PTQ Q1 2023 Issue



Green electricity Steam turbine



HVO (including ATR, CO export infrastructure etc.)


SMR Pre -c omb. c apture MPW EC 16400

Electric heaters E- m ethanol







Figure 4 Roadmap to achieve ‘Fit for 55’: 55% reduction in overall CO₂ emissions by 2030 (compared to base case)

not counted. However, capturing this CO₂ would result in negative emissions. In this case, another 2% reduction in Scope 1 emissions is possible if CO₂ is recovered from the HVO off-gases. Higher percentages of overall reduction are only possible if HVO/MPW processing is substantially increased. The second curve (see Figure 3 ) follows the same prin- ciple but is based on a lower electricity price (down from 103 to 45 €/MWh), no differentiation between the price of grey and green electricity, and a 50% drop in the capital cost of electrolysers and electric heaters. In comparison to Figure 2, a few other techniques/tech- nologies now merit consideration: the conversion of steam turbines to electric motors, electric heaters (200 MW of absorbed duty is now generated via electric heaters), and using CO₂ for the production of e-fuels, urea (via green ammonia), and e-methanol. All these ‘CO₂-use’ units use green hydrogen and 100 KTA of CO₂ captured at the new ATR installed in conjunction with HVO processing. It could of course be decided to consider a bigger e-methanol unit and pass on the urea/e-fuels plants. Despite the lower cost of electricity, electrolysers, and electric heaters, green/blue hydrogen firing is still not economical. Overall CO₂ recovery only improves marginally, while the cost of CO₂ abatement on average reduces from 30 to 25 €/ton, well below the price at which EU Carbon Permits are currently being traded. Ultimate refinery Scope 1 CO2 emissions only consist of CO2 slippage from the pre/post- combustion units. Replacing furnaces by electric heaters results in less CO2 to the post-combustion capture unit and hence reduced CO 2 losses from this unit to the atmosphere. Further optimisation and cost reduction are possible by installing more electric heaters. This would reduce the size and cost of the post-combustion capture unit. This, in combination with more CO₂ utilisation capacity (EC produc- tion in our case), could result in not having to consider CO₂ export (transportation, liquefaction, and offshore storage), which may have a substantial benefit on the overall cost of CO₂ abatement.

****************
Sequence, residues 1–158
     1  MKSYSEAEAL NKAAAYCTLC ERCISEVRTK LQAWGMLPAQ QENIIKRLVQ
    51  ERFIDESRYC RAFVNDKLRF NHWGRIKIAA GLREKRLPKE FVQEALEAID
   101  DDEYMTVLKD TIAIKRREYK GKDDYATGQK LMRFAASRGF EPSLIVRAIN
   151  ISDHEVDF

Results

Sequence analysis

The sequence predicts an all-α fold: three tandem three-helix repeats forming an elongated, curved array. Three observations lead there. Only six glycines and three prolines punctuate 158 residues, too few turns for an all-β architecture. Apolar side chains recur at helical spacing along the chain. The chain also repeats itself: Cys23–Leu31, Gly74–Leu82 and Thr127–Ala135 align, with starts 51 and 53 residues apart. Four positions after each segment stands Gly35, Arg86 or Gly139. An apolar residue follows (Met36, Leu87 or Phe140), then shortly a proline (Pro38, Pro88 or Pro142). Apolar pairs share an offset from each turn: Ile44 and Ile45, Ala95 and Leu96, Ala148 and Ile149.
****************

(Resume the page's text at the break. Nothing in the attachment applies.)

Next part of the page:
Feed and product prices will affect the economics (i.e., the cost of the overall abatement programme but will not change the achievable CO₂ reduction). Roadmap Whereas the previously illustrated curves have shown what is technically feasible, the actual timeline of implementa- tion of the various measures depends on numerous factors. These include the completion of major infrastructure out- side of the refinery fence (such as windfarms to produce green electricity, CO₂ pipelines to greenhouses/compres- sion, or liquefaction terminals for storage), availability of feedstock (such as biomass, MPW), the conclusion of sup- ply/offtake agreements, changes in prices of feedstocks, products and utilities, regulatory parameters, technological developments, and so on. The examples presented in the previous sections have shown MPW and HVO processing to have good econom- ics based on the various assumptions underlying the study. The EU target of ‘Fit for 55’ by 2030 can only be reached by substantially reducing crude oil processing in favour of vegetable oil processing in combination with a number of other decarbonisation measures. HVO processing is already practised commercially, while it can be expected that MPW processing will reach a mature scale with increasing single-train unit sizes and reducing costs. With changing economics, regret investments should be avoided. For example, while it would be justified to improve furnace thermal efficiency based on today’s fuel prices, lon- ger term it is more profitable to replace the furnaces with electric heaters. The Figure 4 ‘roadmap’ shows a possible implementation plan of the measures that could be considered if the power price drops to 30 €/MWh. It includes the following: • 5.25 MTA of vegetable oil processing, including new HVO units and allowing co-processing in existing diesel hydrotreater (DHT) and hydrocracking units (HCUs) • 40% reduction in refinery crude rate


PTQ Q1 2023

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